The most important thing to realize about the pedestrian countdown signal is that it is only relevant to people who start crossing after the “flashing hand” has begun. In other words, its existence indicates that the City both assumes and accepts that pedestrians will start crossing during the flashing hand phase.
We are sometimes told that the countdown is there to help people who started crossing during the “walking man” phase know how much time they have. But in fact, by law, they do not need any help. Ontario’s Highway Traffic Act (HTA), section 144(28) specifically states that any pedestrian who starts crossing legally (i.e. with the walking man signal) has the right of way for however long it takes them to cross the road at their personal full speed — even if the light against them turns red.
Every pedestrian who lawfully enters a roadway in order to cross may continue the crossing as quickly as reasonably possible despite a change in the indication he or she is facing and, for purposes of the crossing, has the right of way over vehicles.
So the countdown is not relevant for people who start crossing with the walking man signal.
Why does it exist, then? The real but unspoken reason is to let people who might start crossing during the flashing hand phase judge whether they have enough time to cross. The installation of the countdowns was effectively an admission that the City does not expect pedestrians to obey the letter of the law (the HTA, 144(27), states that pedestrians must not start crossing on the flashing “don’t walk” signal).
Recent changes in City policy have in fact made it even more reasonable for people to start crossing during the countdown. In a effort to give people who move more slowly such as many seniors, people with mobility impairments, and parents with children more time to cross the street safely, the City has begun re-timing the countdowns so that they allow for a walking speed of 1.0 metres/second (down from the old 1.2 metres/second standard). That means that countdowns now give a very long time to cross indeed — and people who can move more quickly can easily cross safely after the countdown starts. At intersections with long intervals, it also means that the amount of time that the “walking man” shows has been reduced, so that there’s only a narrow window for pedestrians to start crossing during that phase.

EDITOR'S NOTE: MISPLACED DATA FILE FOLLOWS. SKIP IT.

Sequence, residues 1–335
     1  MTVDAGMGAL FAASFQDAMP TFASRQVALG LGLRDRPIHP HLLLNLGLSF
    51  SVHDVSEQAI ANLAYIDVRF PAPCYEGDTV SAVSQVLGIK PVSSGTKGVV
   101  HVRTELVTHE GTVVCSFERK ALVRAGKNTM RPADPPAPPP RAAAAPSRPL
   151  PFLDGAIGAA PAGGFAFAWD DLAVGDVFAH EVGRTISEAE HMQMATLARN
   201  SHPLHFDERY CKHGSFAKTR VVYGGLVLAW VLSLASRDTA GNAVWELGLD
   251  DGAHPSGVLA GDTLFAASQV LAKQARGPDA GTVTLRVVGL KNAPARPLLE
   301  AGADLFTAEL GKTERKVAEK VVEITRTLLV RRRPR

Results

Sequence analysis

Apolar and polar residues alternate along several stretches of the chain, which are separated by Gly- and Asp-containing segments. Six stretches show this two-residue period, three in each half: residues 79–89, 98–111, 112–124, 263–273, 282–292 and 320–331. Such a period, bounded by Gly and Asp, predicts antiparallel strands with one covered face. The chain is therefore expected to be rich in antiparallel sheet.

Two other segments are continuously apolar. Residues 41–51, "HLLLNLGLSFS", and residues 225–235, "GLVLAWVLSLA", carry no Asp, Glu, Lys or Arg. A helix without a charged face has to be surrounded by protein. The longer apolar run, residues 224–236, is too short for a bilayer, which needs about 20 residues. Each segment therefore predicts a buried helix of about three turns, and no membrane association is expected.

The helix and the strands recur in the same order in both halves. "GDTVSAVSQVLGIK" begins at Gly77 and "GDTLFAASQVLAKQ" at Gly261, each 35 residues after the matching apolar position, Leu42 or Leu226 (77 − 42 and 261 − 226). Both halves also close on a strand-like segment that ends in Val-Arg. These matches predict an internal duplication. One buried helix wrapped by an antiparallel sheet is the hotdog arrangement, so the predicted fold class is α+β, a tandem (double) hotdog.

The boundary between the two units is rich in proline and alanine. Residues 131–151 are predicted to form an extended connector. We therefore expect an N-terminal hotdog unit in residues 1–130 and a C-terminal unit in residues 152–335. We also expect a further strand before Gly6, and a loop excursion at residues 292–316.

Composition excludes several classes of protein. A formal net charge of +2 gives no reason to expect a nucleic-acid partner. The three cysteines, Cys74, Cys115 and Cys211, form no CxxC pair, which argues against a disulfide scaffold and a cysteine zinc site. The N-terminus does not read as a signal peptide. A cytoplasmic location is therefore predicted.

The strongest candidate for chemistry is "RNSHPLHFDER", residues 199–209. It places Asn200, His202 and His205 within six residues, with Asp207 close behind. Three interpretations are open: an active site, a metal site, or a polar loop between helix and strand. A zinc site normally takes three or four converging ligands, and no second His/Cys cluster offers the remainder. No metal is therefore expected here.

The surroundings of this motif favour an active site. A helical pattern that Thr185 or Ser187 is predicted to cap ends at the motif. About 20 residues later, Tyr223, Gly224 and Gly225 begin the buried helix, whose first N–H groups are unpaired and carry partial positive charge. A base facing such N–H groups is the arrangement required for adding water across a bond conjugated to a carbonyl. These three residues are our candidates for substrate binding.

The original goal of introducing pedestrian countdowns was explicitly to improve pedestrian safety. Studies had shown that, with a countdown, there were fewer pedestrians left exposed in the intersection after the light had turned (recall that, in the old days, when you saw a flashing hand you had no idea how much time you might have to cross). The countdown signals have never been about improving vehicle movements, contrary to some recent statements from the police.
I was a member of the Toronto Pedestrian Committee back in 2006 when the program was launched, and we explicitly asked about the law regarding not crossing against the flashing hand. The Toronto Police Services representative at the committee said that it was rarely enforced, and that they themselves could not recall an instance of it being enforced.
That’s changed. Now, we hear the mayor and police representatives recalling this once-obscure law in the media. As far as I can tell, the law was taken out of the deep freeze and dusted off after there was an outcry in the media about pedestrian safety following an unusual string of deaths in the winter of 2010. The response to this outcry about pedestrian safety was a police blitz that focused on “jaywalking” and the little-known countdown law. The effect was to focus attention on pedestrian behaviour, and away from driver behaviour and unsafe infrastructure issues (note that a report from the Medical Officer of Health (PDF) found that in 2/3 of collisions hitting pedestrians, the pedestrian had the right-of-way).
Earlier this month, New York City recognized the absurdity of the situation and changed its rules regarding pedestrian countdowns. Now, pedestrians are free to start crossing during the countdown, and are simply required to be clear of the intersection by the time the countdown stops. It’s up to them to judge if they can make it — which makes sense given the very different speeds at which different pedestrians move. Unfortunately, Toronto can’t make this change itself, as it it dependent on the province to change the HTA. But the City and the Toronto Police Service could, at least, go back to signalling that they are not going to worry about technicalities, and instead focus on what is important for safety, which is that pedestrians who start crossing during the countdown make sure they have cleared the intersection when the light changes.